Kiev accused Russia yesterday of making it impossible for Ukraine to transit gas to Europe and said Moscow was seeking to damage Ukraine's reputation.
But Ukrainian Prime Minister Yulia Tymoshenko also said she was ready to meet her Russian counterpart Vladimir Putin and that negotiations on the gas crisis needed to move to the "level of governments."
In response to Russian accusations Ukraine was refusing to send gas on to Europe, Ukrainian state energy company Naftogaz said Russia was deliberately choosing impossible transit routes.
"We cannot technically send the gas to where they want it to go," Naftogaz spokesman Valentyn Zemlyansky told reporters.
Gazprom said in a statement yesterday that Naftogaz "refused to accept Russian gas" at one of the main entry points to the Ukrainian transit system.
Ukrainian Deputy Foreign Minister Konstantin Yeliseyev was quoted by Interfax news agency as saying that Russia was seeking to damage Ukraine's accusation by laying the blame on Kiev.
"The so-called submission of gas (to Ukraine)... was nothing more than decoration ... aimed at damaging the reputation of Ukraine as a reliable and predictable transit country," he told a news briefing.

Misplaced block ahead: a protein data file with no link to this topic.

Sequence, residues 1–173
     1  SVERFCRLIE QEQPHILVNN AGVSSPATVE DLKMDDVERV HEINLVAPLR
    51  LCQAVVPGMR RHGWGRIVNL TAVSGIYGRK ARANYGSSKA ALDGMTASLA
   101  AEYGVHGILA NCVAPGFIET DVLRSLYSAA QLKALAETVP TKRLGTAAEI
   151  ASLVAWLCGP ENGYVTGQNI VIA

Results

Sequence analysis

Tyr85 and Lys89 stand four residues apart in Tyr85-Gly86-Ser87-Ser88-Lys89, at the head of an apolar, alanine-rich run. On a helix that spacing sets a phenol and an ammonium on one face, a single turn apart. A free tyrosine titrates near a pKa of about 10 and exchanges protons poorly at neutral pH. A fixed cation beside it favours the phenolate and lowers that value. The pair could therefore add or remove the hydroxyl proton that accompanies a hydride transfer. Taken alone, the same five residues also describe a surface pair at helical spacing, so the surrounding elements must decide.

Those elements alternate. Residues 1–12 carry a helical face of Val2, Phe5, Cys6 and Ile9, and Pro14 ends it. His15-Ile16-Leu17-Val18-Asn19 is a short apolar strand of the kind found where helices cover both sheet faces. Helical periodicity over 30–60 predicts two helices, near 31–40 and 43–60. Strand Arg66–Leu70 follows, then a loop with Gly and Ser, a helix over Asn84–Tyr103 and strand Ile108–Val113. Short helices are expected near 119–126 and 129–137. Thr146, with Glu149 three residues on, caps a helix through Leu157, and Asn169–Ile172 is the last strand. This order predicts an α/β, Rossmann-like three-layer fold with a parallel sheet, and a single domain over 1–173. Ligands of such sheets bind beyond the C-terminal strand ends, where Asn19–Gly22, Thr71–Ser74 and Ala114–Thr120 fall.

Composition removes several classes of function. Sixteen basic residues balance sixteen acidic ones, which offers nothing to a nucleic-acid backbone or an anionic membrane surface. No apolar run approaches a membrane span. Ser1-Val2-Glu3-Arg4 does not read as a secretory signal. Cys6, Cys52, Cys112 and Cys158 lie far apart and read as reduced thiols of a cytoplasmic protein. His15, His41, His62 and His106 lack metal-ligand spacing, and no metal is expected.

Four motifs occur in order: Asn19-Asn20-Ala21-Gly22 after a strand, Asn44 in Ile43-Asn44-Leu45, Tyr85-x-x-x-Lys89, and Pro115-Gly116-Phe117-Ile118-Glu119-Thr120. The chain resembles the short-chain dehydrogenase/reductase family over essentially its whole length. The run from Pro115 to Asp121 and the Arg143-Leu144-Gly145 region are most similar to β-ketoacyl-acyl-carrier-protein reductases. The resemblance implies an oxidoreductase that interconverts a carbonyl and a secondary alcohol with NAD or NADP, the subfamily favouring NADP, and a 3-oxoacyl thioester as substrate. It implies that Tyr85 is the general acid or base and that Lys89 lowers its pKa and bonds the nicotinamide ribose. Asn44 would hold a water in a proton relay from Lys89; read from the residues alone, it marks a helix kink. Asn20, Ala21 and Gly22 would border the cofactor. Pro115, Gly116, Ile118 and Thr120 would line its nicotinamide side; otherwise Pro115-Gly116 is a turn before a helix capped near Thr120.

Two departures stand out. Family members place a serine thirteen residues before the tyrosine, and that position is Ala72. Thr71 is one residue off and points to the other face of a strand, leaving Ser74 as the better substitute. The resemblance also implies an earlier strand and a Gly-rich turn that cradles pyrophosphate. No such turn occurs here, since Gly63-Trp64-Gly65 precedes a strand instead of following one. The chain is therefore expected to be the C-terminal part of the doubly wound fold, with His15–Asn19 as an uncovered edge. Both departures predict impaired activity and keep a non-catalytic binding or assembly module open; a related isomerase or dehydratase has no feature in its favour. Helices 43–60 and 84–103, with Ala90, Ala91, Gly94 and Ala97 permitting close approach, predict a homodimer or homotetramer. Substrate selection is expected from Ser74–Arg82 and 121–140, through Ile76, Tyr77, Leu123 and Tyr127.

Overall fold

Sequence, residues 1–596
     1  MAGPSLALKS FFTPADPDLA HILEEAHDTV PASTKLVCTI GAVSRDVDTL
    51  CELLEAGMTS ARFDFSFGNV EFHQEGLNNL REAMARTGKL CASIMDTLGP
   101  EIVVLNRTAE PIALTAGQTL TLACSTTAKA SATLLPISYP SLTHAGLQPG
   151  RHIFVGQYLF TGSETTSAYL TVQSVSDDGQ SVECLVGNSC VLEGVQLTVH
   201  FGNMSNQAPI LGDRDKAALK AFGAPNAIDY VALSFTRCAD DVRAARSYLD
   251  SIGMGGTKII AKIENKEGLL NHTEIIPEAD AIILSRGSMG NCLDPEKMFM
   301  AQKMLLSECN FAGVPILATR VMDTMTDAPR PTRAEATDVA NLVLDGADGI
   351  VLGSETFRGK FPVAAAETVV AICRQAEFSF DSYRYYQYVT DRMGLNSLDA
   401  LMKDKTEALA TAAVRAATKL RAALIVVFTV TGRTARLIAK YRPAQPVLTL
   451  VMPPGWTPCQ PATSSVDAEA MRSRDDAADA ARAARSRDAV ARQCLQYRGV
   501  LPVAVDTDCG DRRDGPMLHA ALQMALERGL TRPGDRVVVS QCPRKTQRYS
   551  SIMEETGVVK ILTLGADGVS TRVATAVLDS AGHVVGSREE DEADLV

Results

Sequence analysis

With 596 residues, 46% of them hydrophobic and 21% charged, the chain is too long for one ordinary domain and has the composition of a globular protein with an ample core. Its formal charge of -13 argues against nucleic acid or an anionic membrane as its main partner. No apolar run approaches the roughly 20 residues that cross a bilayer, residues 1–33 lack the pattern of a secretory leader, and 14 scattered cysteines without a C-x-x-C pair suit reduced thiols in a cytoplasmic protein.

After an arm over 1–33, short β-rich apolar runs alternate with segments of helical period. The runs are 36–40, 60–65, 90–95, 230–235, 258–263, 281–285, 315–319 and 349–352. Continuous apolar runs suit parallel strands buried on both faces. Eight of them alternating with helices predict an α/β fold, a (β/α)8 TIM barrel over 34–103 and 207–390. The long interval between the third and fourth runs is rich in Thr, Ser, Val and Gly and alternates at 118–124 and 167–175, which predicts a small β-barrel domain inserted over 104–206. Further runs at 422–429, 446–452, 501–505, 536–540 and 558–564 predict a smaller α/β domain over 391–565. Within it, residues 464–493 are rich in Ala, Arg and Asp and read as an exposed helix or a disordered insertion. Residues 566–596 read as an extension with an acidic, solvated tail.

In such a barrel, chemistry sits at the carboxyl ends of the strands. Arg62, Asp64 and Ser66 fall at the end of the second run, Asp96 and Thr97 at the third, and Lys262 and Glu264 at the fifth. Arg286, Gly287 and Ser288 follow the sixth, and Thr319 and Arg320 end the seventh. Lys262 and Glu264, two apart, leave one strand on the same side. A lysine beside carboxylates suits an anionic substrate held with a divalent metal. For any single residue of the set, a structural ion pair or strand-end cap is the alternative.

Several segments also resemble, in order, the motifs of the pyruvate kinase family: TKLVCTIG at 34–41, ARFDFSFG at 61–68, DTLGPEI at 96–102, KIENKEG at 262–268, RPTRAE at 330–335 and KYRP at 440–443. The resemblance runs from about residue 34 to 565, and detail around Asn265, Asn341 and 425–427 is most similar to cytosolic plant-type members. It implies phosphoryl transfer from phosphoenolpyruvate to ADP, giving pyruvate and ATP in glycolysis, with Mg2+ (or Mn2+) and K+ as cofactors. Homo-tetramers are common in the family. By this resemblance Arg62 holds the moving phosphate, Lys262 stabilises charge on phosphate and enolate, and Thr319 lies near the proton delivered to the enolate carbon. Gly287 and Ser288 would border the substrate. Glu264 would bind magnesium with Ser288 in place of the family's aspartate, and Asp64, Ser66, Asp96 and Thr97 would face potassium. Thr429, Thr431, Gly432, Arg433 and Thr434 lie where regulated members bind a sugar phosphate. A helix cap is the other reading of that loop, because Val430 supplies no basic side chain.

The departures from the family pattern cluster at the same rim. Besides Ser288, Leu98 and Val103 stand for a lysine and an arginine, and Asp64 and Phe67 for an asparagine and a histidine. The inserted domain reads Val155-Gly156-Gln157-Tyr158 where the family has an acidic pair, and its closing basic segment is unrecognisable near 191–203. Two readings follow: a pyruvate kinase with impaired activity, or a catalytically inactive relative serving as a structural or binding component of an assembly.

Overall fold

Tymoshenko said that her office had requested a telephone conversation with Putin.
"We are waiting for the Russian government's answer," she said at a press conference. "The process of negotiations must move from the Gazprom-Naftogaz level to the level of governments."
Asked if the EU would participate in bilateral talks, Tymoshenko said: "The negotiations and the signature of contracts are a bilateral Russian-Ukrainian question."
Her statement followed a heated exchange with Slovakian Prime Minister Robert Fico, who was in Kiev to push for gas supplies to resume.
"In the name of the other countries of the European Union, we ask that negotiations be opened between you and the Russian prime minister," Fico said at the start of a meeting with Tymoshenko.
He said Slovakia was "not interested" in Russian-Ukrainian relations and called for Ukraine to be "responsible."
When Tymoshenko said Ukraine would work with Russia, he replied: "We're happy that Ukraine is ready to cooperate, but there is no gas."
Fico and Bulgarian Prime Minister Sergey Stanishev met Putin in Moscow later for gas crisis talks. Stanishev was to visit Kiev afterward. Both countries are among those to have been badly hit by the gas crisis, which has continued despite efforts to broker a solution.
Russia resumed gas supplies on Tuesday under an agreement reached with the EU, only to shut off them off again several hours later. Gazprom accused Ukraine of blocking the gas, while Ukraine countered that the energy giant had deliberately routed the gas in a way that made it impossible for Ukraine to pump it on to EU consumers.